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Customers, AG Hope to Hang Up on Phone Slammers

Posted Updated
Mike Easley, Attorney General
RALEIGH — The holiday season is here. It's a time of the year when a lot of peoplemake long distance phone calls. It's also the season for phone slamming, a tricky and sometimes costly scheme designed to get you to switch longdistance companies.

You can get "slammed" anywhere: On your home phone, your business phone and even your cell phone. It may have happened to you, and unless youreally read your bill, you may not even know it. The good news is, if youknow what you're doing, you can slam the slammers.

These days at the North Carolina Utilities Commission, they're gettingabout five calls a day. People are complaining about phone slamming. Thefiles are full of angry consumers whose long distance service was switchedwithout their knowledge or consent.

It's a confusing consumer controversy. Some people can't even find theevidence on their bills. But, there is a way to protect yourself.

Some long distance companies will use almost any trick in the phone bookto make the switch. Many use "cold calls." A phone solicitor will askyou about your current service. Often before the end of the call, you'vebeen slammed. North Carolina's Attorney General, Mike Easley, is workingon new regulations which could help hang up on the slammers.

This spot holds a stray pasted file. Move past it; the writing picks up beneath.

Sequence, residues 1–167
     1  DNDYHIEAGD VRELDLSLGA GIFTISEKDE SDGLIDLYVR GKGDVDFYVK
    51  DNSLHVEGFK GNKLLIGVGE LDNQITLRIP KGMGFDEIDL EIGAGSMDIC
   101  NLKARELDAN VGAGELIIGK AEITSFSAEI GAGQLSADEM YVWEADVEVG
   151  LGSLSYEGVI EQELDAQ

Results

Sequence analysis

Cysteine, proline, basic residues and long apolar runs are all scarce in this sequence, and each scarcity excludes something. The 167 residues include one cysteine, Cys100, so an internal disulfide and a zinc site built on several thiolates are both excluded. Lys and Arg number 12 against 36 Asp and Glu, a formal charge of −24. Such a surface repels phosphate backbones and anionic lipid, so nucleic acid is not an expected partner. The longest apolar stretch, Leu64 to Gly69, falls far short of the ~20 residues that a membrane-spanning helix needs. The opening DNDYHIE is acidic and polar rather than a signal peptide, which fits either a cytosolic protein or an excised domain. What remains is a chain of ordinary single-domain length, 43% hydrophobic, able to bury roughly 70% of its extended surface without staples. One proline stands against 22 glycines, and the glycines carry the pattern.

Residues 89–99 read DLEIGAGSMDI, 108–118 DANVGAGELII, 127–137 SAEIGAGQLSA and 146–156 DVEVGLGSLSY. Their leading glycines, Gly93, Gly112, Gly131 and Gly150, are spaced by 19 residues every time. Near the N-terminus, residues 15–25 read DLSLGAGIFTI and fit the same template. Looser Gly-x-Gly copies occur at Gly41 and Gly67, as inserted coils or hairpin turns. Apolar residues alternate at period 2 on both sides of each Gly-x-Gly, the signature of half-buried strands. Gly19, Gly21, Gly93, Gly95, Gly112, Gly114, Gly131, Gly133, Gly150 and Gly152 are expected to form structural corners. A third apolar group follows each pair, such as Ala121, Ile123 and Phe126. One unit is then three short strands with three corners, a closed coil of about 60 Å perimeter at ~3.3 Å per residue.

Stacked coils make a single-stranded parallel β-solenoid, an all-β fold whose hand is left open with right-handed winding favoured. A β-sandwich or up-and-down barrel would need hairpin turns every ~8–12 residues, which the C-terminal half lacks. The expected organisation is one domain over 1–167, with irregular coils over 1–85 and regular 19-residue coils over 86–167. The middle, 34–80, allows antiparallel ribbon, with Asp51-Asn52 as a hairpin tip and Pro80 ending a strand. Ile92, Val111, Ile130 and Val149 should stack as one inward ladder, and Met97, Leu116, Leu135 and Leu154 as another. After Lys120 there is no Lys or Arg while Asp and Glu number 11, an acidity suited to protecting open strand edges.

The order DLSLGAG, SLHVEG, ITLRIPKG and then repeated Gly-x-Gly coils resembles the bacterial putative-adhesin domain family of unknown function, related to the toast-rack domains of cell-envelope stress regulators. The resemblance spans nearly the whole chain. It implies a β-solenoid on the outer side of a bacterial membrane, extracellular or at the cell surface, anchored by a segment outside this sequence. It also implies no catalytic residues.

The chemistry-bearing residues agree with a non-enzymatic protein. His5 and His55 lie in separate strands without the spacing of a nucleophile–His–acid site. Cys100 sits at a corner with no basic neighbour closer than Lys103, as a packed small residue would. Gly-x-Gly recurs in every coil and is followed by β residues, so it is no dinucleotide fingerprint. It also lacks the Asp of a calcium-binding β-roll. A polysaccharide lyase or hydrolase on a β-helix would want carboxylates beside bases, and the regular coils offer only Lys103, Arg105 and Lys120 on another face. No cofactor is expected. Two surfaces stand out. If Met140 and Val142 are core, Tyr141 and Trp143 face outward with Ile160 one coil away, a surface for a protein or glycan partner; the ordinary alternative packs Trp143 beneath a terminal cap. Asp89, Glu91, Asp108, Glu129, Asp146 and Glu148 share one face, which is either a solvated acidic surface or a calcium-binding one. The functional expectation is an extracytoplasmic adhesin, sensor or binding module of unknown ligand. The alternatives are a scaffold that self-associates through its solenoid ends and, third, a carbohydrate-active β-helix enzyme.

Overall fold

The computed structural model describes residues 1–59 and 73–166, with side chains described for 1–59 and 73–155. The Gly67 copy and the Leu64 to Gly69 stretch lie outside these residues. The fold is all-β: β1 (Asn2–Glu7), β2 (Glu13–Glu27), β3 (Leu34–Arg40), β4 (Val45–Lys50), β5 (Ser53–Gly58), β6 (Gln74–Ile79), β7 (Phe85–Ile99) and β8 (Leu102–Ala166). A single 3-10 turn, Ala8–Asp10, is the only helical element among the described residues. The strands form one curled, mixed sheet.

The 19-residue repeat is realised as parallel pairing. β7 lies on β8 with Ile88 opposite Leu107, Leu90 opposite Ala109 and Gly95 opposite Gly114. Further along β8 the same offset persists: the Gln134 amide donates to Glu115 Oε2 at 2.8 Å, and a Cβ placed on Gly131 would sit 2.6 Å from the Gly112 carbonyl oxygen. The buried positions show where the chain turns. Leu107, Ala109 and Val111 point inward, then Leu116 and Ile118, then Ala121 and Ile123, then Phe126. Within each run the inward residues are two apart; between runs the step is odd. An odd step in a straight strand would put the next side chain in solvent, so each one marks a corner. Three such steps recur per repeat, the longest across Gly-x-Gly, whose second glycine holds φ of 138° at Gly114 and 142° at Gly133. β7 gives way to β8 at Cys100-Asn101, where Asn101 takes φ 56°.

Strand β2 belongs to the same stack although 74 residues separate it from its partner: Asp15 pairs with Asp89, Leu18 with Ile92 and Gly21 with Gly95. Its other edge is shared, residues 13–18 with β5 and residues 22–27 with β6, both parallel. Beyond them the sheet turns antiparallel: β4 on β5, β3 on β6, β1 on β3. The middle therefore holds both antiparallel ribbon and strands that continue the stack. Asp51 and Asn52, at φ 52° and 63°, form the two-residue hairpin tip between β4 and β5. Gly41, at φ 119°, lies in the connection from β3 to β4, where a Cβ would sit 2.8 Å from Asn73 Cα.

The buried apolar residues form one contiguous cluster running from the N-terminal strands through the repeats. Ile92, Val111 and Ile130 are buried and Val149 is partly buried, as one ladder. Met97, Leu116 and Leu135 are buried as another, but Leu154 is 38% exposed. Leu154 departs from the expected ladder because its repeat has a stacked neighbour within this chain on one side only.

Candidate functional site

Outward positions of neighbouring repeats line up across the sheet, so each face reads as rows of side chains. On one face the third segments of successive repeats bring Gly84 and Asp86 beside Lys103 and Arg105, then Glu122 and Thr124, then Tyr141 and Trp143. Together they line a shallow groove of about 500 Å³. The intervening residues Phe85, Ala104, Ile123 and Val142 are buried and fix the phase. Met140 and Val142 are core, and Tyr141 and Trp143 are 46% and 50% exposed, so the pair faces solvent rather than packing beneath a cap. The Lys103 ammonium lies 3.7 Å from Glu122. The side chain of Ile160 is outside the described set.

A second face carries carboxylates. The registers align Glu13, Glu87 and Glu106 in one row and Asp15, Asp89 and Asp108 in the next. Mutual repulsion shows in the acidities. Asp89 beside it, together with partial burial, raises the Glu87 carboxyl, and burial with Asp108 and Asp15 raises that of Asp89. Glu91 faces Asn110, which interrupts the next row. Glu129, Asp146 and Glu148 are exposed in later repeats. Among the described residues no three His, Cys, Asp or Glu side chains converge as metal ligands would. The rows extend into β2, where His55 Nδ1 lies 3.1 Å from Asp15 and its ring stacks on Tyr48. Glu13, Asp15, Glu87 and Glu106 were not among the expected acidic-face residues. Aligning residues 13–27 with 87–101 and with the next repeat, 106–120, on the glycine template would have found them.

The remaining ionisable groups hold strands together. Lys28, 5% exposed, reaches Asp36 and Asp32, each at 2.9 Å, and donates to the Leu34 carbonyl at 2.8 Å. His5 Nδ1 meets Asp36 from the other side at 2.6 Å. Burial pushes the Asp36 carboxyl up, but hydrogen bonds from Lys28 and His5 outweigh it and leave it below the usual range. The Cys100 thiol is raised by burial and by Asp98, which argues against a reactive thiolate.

There have 476 complaints so far this year in North Carolina. The worstviolator was a company called Windstar Gateway. They had boxes out instores to win a free trip to Hawaii. Everyone who signed up was slammed.Here's a number that will help. It's BellSouth's slamming hotline. By calling1-800-596-3319the operators can help you getyour money back.

BellSouth estimates half of its customers have been victimized at leastonce. The FCC ranks telephone slamming as the second largest communications problem in North Carolina.

This problem seems to be growing. In 1996, the FCC received 12,000 formalcomplaints against companies accused of slamming. That's 11,000 more complaints than in 1991.

Keep in mind, those numbers don't include the thousands of complaints thatnever make it past local service providers.

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